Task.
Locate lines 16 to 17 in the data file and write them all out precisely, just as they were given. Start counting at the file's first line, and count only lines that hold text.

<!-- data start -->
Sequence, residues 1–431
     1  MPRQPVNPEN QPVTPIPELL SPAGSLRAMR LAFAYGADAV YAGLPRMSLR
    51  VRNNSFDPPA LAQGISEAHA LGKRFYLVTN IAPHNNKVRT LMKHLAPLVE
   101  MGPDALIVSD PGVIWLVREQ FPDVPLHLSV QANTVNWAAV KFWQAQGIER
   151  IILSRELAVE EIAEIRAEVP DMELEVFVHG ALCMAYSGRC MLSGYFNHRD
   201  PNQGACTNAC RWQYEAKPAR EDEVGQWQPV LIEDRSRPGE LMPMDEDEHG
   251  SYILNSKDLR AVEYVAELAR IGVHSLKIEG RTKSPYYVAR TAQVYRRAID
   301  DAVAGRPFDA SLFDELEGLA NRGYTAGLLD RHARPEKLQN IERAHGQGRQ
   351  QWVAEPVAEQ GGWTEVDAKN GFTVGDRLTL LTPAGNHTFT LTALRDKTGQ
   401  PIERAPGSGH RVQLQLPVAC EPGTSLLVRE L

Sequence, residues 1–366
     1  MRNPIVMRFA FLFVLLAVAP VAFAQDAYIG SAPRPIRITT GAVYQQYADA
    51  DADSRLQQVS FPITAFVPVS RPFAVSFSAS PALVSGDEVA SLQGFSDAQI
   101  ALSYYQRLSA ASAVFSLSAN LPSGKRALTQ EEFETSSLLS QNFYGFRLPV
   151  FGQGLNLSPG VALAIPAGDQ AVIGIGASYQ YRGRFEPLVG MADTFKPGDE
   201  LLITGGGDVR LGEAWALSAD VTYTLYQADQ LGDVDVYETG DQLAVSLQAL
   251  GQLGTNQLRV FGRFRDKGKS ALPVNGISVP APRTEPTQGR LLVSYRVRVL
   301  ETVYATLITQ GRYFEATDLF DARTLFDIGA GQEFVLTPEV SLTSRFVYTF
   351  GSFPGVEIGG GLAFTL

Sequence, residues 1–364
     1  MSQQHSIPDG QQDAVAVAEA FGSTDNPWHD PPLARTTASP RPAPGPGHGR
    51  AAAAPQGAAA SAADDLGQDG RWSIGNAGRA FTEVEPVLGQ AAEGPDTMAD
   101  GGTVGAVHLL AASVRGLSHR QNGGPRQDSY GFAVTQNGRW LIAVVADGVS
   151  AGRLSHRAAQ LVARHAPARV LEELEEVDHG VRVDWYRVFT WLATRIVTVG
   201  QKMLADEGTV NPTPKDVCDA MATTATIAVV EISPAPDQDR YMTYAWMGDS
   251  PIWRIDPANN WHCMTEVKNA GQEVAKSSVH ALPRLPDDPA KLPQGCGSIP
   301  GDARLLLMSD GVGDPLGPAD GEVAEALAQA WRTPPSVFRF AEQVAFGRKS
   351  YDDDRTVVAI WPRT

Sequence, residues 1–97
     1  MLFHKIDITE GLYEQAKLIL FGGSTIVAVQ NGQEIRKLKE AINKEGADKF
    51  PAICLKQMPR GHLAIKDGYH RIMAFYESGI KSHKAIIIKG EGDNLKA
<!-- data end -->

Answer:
   201  LLITGGGDVR LGEAWALSAD VTYTLYQADQ LGDVDVYETG DQLAVSLQAL
   251  GQLGTNQLRV FGRFRDKGKS ALPVNGISVP APRTEPTQGR LLVSYRVRVL